Unemployment Laws and Nonprofits

North Carolina's modern Unemployment Insurance system was created by the State Unemployment Tax Act (SUTA).  The application of Unemployment Insurance Taxes is significantly different for non-profits than it is for for-profit enterprises, however.  The NC Division of Employment Security, which manages the UI system, maintains an excellent FAQ section detailing many aspects of NC's UI system, including the application of UIT to nonprofits and other entities


On January 31, 2013, Governor McCrory signed a bill into law (H.B. 4) to make major changes to North Carolina’s unemployment insurance (UI) system. The state owed about $2.5 billion in debt to the federal government that was borrowed to pay state unemployment benefits. The bill included cuts in benefits for the unemployed, unemployment tax increases for businesses, and new fees for some nonprofits. The state paid off the debt in question earlier this year, and on September 10, the Governor signed a bill (S. 15) that would temporarily - for 2016 - suspend a 20% surcharge for employers that pay state unemployment insurance (UI) taxes, as long as the state has $1 billion in its Unemployment Insurance Fund by March 1 of next year.  Here’s how it affects 501(c)(3) nonprofits:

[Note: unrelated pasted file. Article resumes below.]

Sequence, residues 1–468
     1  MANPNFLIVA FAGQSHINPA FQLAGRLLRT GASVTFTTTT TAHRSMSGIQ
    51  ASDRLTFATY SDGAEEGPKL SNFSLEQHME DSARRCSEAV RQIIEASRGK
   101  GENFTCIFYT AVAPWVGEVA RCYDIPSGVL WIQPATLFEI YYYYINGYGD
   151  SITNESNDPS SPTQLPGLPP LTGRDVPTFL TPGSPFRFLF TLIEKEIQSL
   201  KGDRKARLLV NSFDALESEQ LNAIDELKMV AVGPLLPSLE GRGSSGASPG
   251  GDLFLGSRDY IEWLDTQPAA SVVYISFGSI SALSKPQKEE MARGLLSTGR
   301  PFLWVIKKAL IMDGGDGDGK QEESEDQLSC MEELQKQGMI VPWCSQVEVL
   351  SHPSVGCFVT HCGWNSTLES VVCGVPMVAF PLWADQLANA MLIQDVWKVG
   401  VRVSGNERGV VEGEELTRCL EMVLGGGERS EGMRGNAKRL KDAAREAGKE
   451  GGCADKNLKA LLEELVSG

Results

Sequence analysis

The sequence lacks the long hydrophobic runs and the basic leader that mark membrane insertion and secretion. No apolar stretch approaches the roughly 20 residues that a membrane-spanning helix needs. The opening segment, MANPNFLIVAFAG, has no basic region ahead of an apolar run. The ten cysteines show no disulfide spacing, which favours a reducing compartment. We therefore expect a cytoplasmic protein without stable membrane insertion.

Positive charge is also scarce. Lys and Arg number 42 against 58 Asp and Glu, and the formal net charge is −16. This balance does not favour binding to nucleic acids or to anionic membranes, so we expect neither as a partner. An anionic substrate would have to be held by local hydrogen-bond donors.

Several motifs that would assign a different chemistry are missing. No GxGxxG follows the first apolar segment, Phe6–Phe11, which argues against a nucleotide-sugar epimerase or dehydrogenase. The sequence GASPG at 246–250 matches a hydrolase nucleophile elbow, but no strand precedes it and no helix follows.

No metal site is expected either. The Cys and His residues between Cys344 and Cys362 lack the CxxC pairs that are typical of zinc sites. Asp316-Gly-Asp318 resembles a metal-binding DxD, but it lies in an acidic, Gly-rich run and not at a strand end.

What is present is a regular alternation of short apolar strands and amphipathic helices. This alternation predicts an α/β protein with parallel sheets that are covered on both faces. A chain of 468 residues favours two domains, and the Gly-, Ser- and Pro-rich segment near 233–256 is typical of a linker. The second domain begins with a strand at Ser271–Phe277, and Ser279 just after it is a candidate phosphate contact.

• Nonprofits that currently pay state unemployment tax like businesses will see a significant tax decrease if they would have been subject to the surcharge, as long as $1 billion remains in the state's UIF by March 1, 2016.

  • Nonprofits with fewer than four  employees who work 20 weeks during the year will be unaffected. These organizations remain exempt from paying into the unemployment system. 

  • Nonprofits that elect to reimburse for claims rather than pay unemployment tax (about 600 organizations) will also be unaffected, as they are already exempt from the 20% surcharge.

The Center explained to legislators how H.B. 4 might affect nonprofits as that bill made its way through the General Assembly, and as a result, nonprofits that elected to reimburse for claims were not required to pay a new tax of 0.2% of payroll.  The N.C. Department of Commerce has published a useful memo summarizing the changes made to the unemployment system in 2013 and how nonprofits were affected.